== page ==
At present, no one knows whether the chemicals tested by the FDA are harmful when there is systemic exposure, the researchers noted. Their study included a request to manufacturers to study the safety of the chemicals.

The four ingredients in question are avobenzone, oxybenzone, octocrylene and ecamsule.

The FDA recently said that the four chemicals needed to be researched by manufacturers before they were considered generally safe and effective.

“Just because they are absorbed doesn’t mean they are unsafe,” said study coauthor Dr. Theresa Michele, director of the division of nonprescription drug products at the FDA. “That’s why we are asking for additional data.”

The new study isn’t the first to suggest that sunscreen ingredients might find their way into the body from the skin. There have been reports of these chemicals being found in breast milk.

While waiting for studies to be done on the chemicals in question, Michele recommends that people continue to protect their skin from the sun. The active ingredients in sunscreens protect the skin by reflecting, absorbing, and/or scattering ultraviolet radiation.

“These products are used to prevent skin cancer,” Michele said. “It’s very important from a public health perspective that people use them, especially as skin cancer rates are increasing. Right now, we know that there are benefits from these products and we don’t know if there are any harms.”

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Michele also encourages that people use other methods in addition to sunscreen to protect their skin from sun exposure. People “need to use sunscreen with other sun protecting measures, such as wearing protective clothing and sunglasses and staying the sun at peak hours,” she said.

Before the new study, no one knew the level of systemic exposure resulting from sunscreen use. To address that question, Michele and her colleagues recruited 24 healthy volunteers who were randomly assigned to receive one of four sunscreens, which included two sprays, one lotion and one cream.

The volunteers were asked to slather the sunscreen on all parts of the body that would not be covered by a swimsuit four times a day for four days, a regimen that reflects the instructions on sunscreen labels. Over a period of seven days, 30 blood samples were collected from each volunteer.

In order for sunscreen companies to avoid safety testing of the chemicals in their products, no more than 0.5 ng/mL of the active ingredients can be absorbed into the body.

When the researchers analyzed the amount of these chemicals in the blood samples, they found all at higher levels than that threshold.

The biggest difference was for oxybenzone, which was found to exceed 20ng/mL on day seven of the study.

Because no one knows how systemic absorption of the active ingredients in sunscreen might affect health, experts weren’t sure how to counsel patients who might be worried about their impact.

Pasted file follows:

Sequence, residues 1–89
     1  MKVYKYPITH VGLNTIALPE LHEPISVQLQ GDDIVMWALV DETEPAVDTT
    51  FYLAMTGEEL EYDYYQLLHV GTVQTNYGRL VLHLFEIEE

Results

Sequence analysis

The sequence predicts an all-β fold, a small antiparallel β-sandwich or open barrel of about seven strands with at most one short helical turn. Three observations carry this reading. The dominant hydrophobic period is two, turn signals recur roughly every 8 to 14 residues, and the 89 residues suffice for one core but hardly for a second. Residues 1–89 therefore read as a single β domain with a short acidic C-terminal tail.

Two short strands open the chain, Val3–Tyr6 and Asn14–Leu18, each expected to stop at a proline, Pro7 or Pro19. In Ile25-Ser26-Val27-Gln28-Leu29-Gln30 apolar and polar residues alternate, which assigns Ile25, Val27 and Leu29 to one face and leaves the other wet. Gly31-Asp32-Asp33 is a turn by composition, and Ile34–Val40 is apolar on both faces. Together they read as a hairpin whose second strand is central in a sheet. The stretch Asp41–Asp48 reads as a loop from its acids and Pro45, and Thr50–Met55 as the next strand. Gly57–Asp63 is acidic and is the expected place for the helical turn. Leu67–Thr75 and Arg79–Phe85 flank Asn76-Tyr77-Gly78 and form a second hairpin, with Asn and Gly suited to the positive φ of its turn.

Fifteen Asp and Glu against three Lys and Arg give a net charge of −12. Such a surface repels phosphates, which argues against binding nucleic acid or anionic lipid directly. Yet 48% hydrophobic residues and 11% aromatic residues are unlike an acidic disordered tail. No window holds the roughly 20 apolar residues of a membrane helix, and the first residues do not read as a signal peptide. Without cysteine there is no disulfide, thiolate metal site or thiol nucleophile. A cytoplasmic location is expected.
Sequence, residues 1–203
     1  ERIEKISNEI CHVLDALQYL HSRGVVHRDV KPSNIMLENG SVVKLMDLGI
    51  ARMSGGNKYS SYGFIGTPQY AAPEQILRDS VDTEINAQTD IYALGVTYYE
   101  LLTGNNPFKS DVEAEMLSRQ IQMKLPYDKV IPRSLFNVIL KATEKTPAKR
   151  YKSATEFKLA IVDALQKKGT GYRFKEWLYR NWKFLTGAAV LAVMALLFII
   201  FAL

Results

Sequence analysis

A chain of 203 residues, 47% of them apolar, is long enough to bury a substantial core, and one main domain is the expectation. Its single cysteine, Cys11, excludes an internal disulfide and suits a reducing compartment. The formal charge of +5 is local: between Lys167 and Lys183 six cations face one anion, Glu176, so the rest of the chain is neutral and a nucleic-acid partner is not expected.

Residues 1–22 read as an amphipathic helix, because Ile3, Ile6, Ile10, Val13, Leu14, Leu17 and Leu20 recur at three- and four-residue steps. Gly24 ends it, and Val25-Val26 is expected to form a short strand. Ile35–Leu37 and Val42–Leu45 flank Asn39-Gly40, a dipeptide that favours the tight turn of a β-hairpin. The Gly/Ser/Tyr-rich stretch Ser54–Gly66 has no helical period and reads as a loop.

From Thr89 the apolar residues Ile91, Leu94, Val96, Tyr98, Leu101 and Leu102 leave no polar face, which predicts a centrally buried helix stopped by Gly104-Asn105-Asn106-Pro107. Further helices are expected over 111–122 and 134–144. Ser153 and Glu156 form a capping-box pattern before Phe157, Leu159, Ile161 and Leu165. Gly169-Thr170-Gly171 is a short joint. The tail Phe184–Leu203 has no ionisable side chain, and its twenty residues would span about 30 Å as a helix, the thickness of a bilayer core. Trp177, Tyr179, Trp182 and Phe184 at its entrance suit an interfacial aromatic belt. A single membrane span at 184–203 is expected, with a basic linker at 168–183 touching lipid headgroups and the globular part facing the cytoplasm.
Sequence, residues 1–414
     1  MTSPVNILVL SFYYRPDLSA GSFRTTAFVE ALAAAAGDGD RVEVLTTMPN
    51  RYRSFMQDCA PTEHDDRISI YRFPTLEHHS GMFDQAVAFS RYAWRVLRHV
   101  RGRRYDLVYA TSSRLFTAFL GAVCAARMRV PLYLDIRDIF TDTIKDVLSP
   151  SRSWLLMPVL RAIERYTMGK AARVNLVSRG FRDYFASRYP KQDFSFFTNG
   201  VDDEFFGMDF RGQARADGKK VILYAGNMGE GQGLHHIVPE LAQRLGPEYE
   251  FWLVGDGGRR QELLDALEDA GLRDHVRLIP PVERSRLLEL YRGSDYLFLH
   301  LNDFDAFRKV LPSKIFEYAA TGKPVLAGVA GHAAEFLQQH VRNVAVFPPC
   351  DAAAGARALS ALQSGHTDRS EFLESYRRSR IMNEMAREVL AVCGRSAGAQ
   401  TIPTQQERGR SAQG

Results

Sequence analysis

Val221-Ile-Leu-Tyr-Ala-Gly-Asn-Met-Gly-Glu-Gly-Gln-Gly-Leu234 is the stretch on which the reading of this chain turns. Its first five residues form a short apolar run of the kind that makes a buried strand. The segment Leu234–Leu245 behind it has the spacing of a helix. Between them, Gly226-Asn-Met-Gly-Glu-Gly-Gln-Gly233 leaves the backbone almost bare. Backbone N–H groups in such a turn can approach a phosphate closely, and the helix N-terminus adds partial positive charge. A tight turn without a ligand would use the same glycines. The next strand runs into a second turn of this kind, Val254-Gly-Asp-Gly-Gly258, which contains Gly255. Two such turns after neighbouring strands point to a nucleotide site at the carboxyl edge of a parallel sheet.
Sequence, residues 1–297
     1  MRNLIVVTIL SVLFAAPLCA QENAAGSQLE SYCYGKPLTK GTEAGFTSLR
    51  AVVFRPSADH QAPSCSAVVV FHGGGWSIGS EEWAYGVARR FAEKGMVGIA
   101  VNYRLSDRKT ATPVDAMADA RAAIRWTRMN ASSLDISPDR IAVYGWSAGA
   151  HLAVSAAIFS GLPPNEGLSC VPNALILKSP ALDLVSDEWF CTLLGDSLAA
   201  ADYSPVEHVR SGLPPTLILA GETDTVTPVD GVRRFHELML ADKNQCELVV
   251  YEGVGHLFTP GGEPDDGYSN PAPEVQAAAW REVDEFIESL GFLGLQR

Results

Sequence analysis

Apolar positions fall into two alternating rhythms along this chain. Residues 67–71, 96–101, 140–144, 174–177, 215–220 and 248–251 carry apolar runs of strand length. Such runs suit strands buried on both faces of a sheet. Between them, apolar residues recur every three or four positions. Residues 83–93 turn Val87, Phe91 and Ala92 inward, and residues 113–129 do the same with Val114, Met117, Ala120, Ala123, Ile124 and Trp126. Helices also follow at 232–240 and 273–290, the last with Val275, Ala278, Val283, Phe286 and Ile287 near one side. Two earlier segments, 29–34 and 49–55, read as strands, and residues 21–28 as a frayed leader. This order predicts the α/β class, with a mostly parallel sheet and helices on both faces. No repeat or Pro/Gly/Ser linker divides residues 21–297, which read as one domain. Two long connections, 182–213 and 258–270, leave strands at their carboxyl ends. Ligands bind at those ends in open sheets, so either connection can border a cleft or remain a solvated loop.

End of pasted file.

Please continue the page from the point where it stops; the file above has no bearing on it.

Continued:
“All four of the sunscreens in all formulations were absorbed at higher levels than the threshold,” said Dr. Emily Newsom, an assistant clinical professor of dermatology at the University of California, Los Angeles. “At this point, we’re not sure what that means.”

What we do know is that UV rays damage the skin and the risk of skin cancer is higher without sunscreen, Newsom said. “So sunscreen should still be used given the epidemic of UV-related skin cancer,” she said. “Our concern is that the public will hear this and stop protecting their skin from sun damage.”

Just because these chemicals have been shown to be absorbed into the body doesn’t mean they are causing harm, according to Elizabeth Platz, a professor, and Dr. Martin D. Abeloff, a scholar in cancer prevention and the deputy chair of the department of epidemiology at the Johns Hopkins Bloomberg School of Public Health.

That’s why there’s been a call for studies that will investigate the impact of the chemicals when they are absorbed systemically, Platz said.

In a statement in response to the study, the American Academy of Dermatology noted that the sunscreen ingredients in question “have been used for several decades without any reported internal side effects in humans.”

“Importantly, the study authors conclude that individuals should not refrain from the use of sunscreen, which the AAD encourages as one component of a comprehensive sun protection plan as sunscreen use has been shown to reduce the risk of skin cancer in a number of scientific studies,” AAD President Dr. President George J. Hruza said in a statement.

The organization of dermatologists acknowledged that the science on sunscreen is evolving and left the door open for more research and possible guideline changes in the future.

“The AAD’s sun protection recommendations are the existing body of scientific evidence and current FDA regulations and guidelines; these recommendations will continue to evolve as the science develops and the FDA issues new regulations,” Hruza said.

For those who find the new information worrisome, Platz suggests switching to other ways of protecting skin from sun damage. Certain sun-blocking chemicals — zinc oxide and titanium dioxide — have been deemed safe by the FDA, Platz notes. The downside of these products is that they can leave a white-ish film on the skin, she said.